The overall prevalence of allergic sensitisation was 26.42%. House dust mites accounted for 24.05%, dog dander 6.59%, and cat dander 3.29%.

Similar rates were found in the ISAAC Phase II, with a sensitisation rate of 36.2% to house dust mites and 10.8% to cat dander in 10- and 11-year-old children in Almería.12 A study in teenagers in Malaga found sensitisation to house dust mites in 30%.13

Of the 212 families studied, 67 (31%) had pets. In the families with no pets, 28.3% of the children were sensitised. When at least one pet was present, the sensitisation rate decreased to 14.9%.

Univariate analysis using the chi-squared test was performed with exposure to pets, exposure to dogs and cats separately, the absence of siblings, a family history of asthma, exposure to tobacco and breastfeeding as risk factors of sensitisation to house dust mites. The same was performed with exposure to pets, dogs and cats as risk factors of sensitisation to pets, dogs and cats.

The factors significantly associated to sensitisation to house dust mites were exposure to pets (OR 0.44; 95%CI 0.20–0.95; p=0.034) and exposure to dogs (OR 0.41; 95%CI 0.18–0.95; p=0.032). Exposure to cats showed a pattern of decreasing sensitisation similar to that observed for house dust mites, although the association failed to reach statistical significance (OR 0.56; 95%CI 0.15–2.02; p=0.37).

No associations were found between the other factors analysed and the risk of sensitisation to house dust mites (Table 2).

Table 2.

Factors linked to sensitisation to house dust mites assesed by univariate logistic regression.

  Not sensitised N=(% of total)  Sensitised N=(% of total)  p-Value  OR (95%CI) 
Pet  57 (85.1%)  10 (14.9%)  0.034  0.445 (0.207–0.954) 
Dog  50 (86.2%)  8 (13.8%)  0.032  0.413 (0.181–0.943) 
Cat  16 (84%)  3 (16%)  0.377  0.566 (0.158–2.028) 
Gender  161(76)  51 (24)  0.379  0.753 (0.400–1.417) 
Absence of siblings  56 (78.9)  15 (21.1)  0.479  0.781 (0.394–1.548) 
Tobacco exposure  80 (80)  20 (20)  0.192  0.653 (0.344–1.241) 
Breastfeeding  132 (74.2)  46 (25.8)  0.164  2.021 (0.739–5.531) 
Family history of atopy  41 (75.9)  13 (24.1)  0.997  1.001 (0.486–2.063) 

Logistic regression analysis was used to identify confounding variables in the relationship between pet exposure and risk of sensitisation. After reviewing gender, the absence of siblings, tobacco exposure, breastfeeding and a family history of atopy, none were identified as confounding variables.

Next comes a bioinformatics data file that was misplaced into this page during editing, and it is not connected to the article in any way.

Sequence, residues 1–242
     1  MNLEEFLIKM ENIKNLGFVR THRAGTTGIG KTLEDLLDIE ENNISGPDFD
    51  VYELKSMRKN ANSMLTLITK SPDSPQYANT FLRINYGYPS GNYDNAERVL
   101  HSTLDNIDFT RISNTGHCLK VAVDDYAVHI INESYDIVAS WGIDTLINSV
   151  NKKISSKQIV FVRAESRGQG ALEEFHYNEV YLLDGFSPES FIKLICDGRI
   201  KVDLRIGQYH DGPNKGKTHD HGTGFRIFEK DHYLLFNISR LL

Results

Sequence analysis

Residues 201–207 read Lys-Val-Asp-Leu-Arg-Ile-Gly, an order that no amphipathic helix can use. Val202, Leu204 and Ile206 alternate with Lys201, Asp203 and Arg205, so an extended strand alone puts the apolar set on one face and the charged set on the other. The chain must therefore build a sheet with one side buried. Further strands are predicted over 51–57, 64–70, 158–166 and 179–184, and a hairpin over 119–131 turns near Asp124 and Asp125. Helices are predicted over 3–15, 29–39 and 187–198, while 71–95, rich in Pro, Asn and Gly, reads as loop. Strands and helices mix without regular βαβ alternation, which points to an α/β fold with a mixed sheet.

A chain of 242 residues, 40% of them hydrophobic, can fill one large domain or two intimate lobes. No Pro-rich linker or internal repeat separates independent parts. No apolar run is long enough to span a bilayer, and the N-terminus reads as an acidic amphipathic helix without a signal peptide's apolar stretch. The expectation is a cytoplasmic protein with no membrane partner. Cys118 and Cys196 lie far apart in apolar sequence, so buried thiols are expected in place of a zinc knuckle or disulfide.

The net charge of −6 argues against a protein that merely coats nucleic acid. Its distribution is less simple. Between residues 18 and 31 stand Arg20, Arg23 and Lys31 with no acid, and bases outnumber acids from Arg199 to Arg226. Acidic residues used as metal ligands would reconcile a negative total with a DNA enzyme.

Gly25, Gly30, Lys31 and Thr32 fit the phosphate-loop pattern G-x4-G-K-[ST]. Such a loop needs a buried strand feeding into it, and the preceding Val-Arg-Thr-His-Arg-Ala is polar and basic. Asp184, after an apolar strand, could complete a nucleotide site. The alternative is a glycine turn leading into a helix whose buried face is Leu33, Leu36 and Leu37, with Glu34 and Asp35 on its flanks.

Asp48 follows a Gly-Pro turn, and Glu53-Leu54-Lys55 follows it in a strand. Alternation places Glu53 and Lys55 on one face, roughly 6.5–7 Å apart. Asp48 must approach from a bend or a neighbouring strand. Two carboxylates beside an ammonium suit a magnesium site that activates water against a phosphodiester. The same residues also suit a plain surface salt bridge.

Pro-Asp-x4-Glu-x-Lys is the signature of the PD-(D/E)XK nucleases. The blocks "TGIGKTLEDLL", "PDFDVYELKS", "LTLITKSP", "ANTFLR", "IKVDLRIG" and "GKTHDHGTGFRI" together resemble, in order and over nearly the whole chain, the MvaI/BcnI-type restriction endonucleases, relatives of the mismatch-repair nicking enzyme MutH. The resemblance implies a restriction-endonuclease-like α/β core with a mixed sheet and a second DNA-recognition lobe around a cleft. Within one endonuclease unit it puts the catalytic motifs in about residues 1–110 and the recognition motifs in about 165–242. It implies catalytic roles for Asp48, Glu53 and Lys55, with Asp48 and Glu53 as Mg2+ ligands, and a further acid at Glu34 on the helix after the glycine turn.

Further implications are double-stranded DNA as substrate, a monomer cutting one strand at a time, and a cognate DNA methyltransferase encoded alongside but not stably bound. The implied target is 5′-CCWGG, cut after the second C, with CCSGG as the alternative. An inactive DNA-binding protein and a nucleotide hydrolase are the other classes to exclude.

When categories were considered separately, interaction was suspected for some risk factors and was confirmed for the absence of siblings. While the risk of sensitisation to house dust mites when the child had a pet was OR 0.44 (95%CI 0.20–0.95; p=0.034), when the child had no siblings and also had a pet, the risk was even lower (OR 0.22; 95%CI 0.72–0.67; p=0.008).

The presence of dogs or cats in the home did not modify the risk of sensitisation to these animals. Seven children were sensitised to cat, although only one of them (5.6%) had a cat at home. In turn, 13 children were sensitised to dog, but only three of them (5.1%) had a dog at home. Statistical significance could not be demonstrated.

In seeking a possible relationship between pet keeping during the first year of life and the risk of sensitisation to house dust mite, cat and dog allergens in preschool children, we found exposure to pets in the first years of life to be protective against sensitisation to house dust mites. This effect was greater in children who had no siblings, and was not modified by other risk factors such as gender, a family history of atopy, tobacco exposure or breastfeeding. On the other hand, exposure to pets did not modify the risk of sensitisation to these animals.

As with all observational research, these results need to be interpreted with caution. In cross-sectional studies of this kind, sensitisation and covariates are measured at a single moment in time. The results of large birth cohort studies with prospective and objective measures of environmental exposure are required before the association between pets and atopy can be firmly defined.

Ethical disclosuresConfidentiality of data

The authors declare that they have followed the protocols of their work centre regarding the publication of patient data, and that all the patients included in the study have received sufficient information and have given informed consent in writing to participate in the study.

Right to privacy and informed consent

The authors declare that no patient data appear in this article.

Protection of human subjects and animals in research

The authors declare that no experiments were performed on humans or animals for this investigation.

Conflicts of interest

The authors have no conflict of interests to declare.